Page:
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Egg, Tomato, Tuna, Onion, Olive, and White Asparagus

The quality of, and variety of, main courses varied from place to place. I didn’t see paella listed on the pilgrim menu that often – unfortunately. I’d have happily eaten it far more often than just 4-5 times. Some of the restaurants also had a “Menu del dia”, which listed their daily specials. If you wanted a break from the repetitive pilgrim menu, and were happy to pay a bit more, you’d get a better meal – generally.

One of the best meals I had was in a place called Mansilla de las Mulas, where my fish was battered in golden crumb and fried to perfection – it was a joy to my palate! I took a doggy bag away with me and ate it the next day for lunch, under a shady tree. The chef was delighted. He told me that too often, they have to throw food in the bin and no-one thinks to take leftovers on to the trail the next day. I was thrilled to have good food two days in a row!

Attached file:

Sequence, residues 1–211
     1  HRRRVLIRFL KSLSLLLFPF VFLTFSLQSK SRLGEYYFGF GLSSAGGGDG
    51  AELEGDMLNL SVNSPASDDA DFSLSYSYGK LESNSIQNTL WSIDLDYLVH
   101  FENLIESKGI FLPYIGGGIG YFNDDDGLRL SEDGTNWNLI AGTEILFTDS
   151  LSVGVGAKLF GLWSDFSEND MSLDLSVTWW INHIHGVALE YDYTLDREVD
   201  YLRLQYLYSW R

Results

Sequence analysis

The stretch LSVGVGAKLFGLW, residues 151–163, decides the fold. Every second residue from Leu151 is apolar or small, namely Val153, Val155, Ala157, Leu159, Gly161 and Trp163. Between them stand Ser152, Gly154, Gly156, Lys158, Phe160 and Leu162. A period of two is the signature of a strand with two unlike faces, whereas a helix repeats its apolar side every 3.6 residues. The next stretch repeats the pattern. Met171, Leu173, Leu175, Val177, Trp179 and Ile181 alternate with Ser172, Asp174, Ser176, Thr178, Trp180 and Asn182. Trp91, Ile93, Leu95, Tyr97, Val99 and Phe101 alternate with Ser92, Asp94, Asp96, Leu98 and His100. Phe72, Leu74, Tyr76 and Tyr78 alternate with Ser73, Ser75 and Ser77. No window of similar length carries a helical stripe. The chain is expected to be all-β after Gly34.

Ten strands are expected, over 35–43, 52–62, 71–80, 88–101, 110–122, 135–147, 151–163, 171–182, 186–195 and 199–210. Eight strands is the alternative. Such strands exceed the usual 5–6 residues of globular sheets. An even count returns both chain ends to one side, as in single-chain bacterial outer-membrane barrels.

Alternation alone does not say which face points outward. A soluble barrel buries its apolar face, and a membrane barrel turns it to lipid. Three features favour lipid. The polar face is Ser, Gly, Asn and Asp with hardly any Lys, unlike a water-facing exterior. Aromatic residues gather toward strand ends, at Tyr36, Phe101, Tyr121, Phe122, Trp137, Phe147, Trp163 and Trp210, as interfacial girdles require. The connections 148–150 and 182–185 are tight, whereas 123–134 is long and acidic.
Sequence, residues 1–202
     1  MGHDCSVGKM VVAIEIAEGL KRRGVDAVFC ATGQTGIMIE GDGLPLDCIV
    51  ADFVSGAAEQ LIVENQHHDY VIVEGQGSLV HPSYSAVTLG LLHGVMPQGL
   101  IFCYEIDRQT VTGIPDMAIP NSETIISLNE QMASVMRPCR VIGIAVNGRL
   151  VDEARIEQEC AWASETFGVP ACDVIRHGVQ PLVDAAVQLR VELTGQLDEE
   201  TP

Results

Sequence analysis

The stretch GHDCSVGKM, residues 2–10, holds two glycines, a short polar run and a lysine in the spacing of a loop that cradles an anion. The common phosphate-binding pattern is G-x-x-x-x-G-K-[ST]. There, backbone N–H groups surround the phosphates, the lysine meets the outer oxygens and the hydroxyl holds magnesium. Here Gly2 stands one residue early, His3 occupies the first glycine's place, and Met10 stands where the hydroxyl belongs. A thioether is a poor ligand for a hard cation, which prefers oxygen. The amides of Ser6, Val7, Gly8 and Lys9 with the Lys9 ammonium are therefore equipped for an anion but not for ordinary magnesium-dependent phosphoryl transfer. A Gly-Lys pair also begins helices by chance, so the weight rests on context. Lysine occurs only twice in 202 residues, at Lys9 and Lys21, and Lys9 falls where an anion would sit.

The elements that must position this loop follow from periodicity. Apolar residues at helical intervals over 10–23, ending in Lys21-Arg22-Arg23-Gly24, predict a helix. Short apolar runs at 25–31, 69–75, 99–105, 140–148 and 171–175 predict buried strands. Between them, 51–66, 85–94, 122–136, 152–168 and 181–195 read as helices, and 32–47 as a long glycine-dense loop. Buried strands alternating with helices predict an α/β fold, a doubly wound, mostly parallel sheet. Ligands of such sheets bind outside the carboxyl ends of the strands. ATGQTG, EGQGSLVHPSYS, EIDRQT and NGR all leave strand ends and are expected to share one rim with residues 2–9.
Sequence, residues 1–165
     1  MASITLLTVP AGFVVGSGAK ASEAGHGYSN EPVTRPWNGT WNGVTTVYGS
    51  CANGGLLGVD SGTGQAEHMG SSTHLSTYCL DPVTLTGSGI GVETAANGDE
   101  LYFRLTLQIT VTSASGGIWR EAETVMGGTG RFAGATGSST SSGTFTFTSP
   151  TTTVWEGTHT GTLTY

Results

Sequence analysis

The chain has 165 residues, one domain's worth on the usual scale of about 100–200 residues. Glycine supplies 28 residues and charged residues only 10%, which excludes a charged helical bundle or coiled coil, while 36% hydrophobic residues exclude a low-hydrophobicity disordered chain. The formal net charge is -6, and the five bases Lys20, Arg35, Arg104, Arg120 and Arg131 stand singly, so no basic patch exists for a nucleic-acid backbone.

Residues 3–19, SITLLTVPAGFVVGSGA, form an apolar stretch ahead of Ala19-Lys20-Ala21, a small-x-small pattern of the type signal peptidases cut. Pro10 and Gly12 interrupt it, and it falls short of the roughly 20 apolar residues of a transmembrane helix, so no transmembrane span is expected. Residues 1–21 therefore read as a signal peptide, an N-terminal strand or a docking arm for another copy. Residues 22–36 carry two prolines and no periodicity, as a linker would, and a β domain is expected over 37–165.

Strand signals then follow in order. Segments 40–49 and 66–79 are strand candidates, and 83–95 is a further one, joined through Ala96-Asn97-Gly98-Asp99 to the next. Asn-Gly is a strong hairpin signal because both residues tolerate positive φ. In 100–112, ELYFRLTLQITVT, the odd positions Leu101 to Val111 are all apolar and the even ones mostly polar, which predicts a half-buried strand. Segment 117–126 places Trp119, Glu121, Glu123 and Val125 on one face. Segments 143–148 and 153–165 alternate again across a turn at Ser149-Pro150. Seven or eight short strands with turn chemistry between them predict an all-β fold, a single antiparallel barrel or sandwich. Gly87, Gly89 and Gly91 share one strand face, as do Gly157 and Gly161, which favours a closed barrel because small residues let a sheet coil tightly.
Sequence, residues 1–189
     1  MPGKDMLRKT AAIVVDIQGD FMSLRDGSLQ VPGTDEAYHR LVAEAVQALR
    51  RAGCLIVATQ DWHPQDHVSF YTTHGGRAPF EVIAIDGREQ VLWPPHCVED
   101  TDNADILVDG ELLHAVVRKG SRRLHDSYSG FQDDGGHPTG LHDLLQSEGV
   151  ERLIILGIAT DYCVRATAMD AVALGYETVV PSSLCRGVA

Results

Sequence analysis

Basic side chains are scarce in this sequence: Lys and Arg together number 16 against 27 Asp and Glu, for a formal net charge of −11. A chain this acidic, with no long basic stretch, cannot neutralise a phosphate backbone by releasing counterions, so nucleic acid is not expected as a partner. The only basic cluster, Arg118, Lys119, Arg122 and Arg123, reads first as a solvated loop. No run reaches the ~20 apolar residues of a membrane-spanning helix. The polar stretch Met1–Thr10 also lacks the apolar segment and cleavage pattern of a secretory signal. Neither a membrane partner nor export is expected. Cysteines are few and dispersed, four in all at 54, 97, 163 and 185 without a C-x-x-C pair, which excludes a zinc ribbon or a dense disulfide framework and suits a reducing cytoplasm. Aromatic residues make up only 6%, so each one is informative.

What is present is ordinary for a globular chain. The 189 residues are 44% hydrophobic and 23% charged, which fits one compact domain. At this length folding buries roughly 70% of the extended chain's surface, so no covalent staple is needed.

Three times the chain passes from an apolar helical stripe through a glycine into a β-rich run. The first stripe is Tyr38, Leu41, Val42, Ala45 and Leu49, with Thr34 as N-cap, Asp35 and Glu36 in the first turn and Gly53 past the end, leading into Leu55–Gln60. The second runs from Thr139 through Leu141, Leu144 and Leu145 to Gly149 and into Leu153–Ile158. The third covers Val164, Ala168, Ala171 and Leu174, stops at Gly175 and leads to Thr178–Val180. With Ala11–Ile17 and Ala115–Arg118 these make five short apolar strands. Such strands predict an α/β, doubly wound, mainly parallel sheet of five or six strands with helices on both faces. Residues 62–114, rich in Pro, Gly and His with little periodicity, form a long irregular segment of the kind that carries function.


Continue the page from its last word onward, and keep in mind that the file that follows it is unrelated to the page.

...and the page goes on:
One of my worst meals was in the town called Hospital de Órbigo, where I ate alone one evening. I wandered around looking for somewhere to eat at 7pm. This was way too early, as most Spaniards themselves don’t eat until well after 9pm, and many pilgrim meals don’t start until 8. I ordered a “fresh homemade” Hawaiian pizza but 20 minutes later, was presented with a rather bad frozen pizza-like-thing. The base was hard and dry, like cardboard. The sauce tasted like cheap ketchup with too much vinegar. I ate about 1/4 but eventually left it on my plate in search of something else.

First world problems, right? (eye roll at myself!)

Anyway, back to the 3 course meal…

You’ll see in the menu that they list “chicken”, “pork”, and “fish”. One day, I asked “What kind of fish?”. I’m not sure what I expected them to say, exactly, but when they rolled their eyes in return I realized I might have been asking a bit too much! I told myself to just eat it, be grateful, and shut up!

That said, the Spanish love their fish. Walking through some of the larger towns and cities, I passed supermarkets dedicated entirely to freezers full of fish – of all kinds! They sold nothing else but frozen fish – imagine!

In regular supermarkets, I passed entire aisles full of tinned fish, like the one below. I checked the labels here – there were no tins of beans, hotdogs, or sweetcorn – this was all fish!

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Some days, dinner was heavy on the carb and light on nutrition!